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22 Jan 2019

International Economy

China’s 2018 Economy Growth Hit 28-Year Low, with Heightened Risk Seen in 2019 (Business Brief No.3782)


       ​China's economy grew 6.6 percent in 2018, declining substantially from the 6.8 percent pace recorded in 2017. Its economy has weakened steadily, especially during 4Q18 to 6.4 percent, representing the lowest growth in 28 years. The sharp decline in 4Q18 economic performance was attributable chiefly to a decelerated export growth of 4.3 percent YoY against the 11.1 percent pace reported for 3Q18. China's disappointing export performance was clearly a result of the protracted trade war, which has crippled its business sector to make profit. In November 2018, profit in the Chinese business sector contracted for the first time in over three years at only 1.8 percent despite attempts by the government to sustain economic growth through numerous policy tools, including liquidity injection via financial institutions and easing control of local government investment. A slower growth in M1 at only 1.5 percent in December also shows that the effectiveness of China's monetary policy has become increasingly restricted and liquidity injection into the economic system was intended only to maintain financial costs. As a result, private investment will continue to be subdued ahead. In addition, the slowing GDP growth seen in the tertiary industry signals that domestic demand has began to decline.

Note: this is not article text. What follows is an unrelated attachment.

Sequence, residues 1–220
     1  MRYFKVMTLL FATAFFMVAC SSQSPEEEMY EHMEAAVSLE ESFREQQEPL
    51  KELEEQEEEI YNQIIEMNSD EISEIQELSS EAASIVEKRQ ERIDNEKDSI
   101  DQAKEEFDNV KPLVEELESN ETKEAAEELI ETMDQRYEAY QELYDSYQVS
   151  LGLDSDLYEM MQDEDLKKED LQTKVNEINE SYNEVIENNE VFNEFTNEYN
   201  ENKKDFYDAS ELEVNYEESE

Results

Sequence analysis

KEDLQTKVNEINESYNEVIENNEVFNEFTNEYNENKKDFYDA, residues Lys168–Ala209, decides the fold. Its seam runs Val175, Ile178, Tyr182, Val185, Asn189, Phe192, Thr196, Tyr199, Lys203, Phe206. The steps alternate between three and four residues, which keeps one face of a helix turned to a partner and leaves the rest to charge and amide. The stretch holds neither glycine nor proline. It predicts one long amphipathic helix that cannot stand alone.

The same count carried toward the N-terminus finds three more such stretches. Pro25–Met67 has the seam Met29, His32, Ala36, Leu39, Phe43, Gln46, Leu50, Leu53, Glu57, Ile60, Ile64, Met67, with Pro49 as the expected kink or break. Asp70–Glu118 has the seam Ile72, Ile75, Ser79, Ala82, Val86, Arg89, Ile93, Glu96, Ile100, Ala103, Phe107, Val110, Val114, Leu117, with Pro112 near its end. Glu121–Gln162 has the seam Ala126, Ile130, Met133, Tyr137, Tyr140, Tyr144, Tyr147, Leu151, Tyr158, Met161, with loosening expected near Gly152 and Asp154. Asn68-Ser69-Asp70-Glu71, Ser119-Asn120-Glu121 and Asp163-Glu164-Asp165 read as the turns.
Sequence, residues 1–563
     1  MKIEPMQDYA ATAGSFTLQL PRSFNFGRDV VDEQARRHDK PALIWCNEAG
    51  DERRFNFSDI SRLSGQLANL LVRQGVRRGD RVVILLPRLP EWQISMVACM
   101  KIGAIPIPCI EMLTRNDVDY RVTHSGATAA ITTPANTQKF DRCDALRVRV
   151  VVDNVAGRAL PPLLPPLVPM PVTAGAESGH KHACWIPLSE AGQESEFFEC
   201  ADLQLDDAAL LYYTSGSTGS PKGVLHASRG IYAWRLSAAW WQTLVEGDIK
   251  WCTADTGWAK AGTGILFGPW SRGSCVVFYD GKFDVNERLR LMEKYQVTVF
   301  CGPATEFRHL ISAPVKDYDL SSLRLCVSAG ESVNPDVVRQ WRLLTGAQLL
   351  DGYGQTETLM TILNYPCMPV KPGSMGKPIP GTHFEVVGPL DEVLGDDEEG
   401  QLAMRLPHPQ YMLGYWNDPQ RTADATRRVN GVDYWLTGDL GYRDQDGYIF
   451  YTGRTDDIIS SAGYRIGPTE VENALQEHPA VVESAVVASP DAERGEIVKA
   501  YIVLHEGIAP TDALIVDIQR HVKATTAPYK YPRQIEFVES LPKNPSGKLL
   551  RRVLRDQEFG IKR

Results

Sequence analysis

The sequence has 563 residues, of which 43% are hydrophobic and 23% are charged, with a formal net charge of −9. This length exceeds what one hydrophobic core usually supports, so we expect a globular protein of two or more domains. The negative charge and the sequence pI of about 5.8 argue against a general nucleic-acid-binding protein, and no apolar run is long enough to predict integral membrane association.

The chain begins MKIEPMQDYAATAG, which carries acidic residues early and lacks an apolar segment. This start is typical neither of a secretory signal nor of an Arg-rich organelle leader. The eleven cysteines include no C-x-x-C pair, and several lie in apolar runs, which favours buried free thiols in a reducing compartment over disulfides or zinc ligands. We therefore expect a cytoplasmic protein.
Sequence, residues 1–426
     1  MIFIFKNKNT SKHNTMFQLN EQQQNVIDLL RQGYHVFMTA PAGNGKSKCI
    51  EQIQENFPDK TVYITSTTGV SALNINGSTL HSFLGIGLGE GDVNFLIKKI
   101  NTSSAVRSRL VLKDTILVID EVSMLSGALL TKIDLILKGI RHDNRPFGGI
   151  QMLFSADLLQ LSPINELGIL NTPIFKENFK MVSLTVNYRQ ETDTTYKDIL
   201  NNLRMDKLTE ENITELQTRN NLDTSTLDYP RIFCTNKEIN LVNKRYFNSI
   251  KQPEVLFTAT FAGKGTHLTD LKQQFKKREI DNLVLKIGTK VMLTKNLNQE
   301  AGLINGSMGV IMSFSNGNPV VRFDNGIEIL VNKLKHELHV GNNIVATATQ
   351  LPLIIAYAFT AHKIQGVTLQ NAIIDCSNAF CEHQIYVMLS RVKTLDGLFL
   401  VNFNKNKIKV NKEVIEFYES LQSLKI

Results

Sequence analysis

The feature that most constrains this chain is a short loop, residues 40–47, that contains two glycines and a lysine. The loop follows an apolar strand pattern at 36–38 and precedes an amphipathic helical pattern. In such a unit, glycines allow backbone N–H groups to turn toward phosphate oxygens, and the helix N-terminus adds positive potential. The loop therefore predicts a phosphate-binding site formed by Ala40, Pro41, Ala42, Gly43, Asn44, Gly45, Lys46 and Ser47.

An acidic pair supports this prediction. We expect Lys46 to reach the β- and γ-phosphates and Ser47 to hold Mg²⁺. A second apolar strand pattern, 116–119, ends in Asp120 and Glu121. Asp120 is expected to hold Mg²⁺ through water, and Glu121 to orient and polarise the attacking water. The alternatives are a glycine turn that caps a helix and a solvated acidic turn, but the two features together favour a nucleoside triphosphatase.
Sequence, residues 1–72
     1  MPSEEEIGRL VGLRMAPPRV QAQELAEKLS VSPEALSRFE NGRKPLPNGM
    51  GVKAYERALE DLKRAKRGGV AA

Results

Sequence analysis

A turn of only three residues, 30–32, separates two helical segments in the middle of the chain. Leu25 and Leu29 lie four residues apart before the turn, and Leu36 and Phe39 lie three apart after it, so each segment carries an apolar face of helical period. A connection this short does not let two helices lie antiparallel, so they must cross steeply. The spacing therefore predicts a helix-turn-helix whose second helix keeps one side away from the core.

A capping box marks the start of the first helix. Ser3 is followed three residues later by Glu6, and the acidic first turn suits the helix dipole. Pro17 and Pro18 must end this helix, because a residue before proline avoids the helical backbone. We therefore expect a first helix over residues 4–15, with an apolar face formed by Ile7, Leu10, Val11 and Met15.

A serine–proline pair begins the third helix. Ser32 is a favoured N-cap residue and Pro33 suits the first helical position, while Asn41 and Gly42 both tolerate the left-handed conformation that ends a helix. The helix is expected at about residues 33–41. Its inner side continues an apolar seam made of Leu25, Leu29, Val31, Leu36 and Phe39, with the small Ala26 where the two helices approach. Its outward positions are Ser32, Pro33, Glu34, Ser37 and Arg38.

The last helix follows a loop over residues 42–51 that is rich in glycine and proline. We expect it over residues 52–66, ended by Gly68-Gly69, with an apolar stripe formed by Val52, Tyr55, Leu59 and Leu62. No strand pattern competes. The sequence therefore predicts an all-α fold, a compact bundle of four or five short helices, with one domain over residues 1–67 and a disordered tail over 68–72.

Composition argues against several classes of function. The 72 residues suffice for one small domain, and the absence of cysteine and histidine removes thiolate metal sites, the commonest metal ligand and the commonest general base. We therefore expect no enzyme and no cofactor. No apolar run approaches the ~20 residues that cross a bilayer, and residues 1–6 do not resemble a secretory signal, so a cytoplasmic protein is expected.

Looking into 2019, it is expected that China's GDP growth will slow at an accelerated pace, in particular the external sector. KResearch projects that China's export growth may slip to 3.0-5.0 percent, against the 9.9 percent pace seen in 2018. This coupled with ebbing purchase orders and hefty corporate debt may drag its private investment down. Nevertheless, we expect that the Chinese government will continue to introduce new stimulus measures in order to achieve its economic growth target of 6.0-6.5 percent. Given this, KResearch views that China may report a slower economic growth of 6.2 percent, or within a range of 6.0-6.4 percent. However, if China is able to achieve a trade deal with the US within 1H19, its GDP growth may lean toward the upper band of our projection. 

International Economy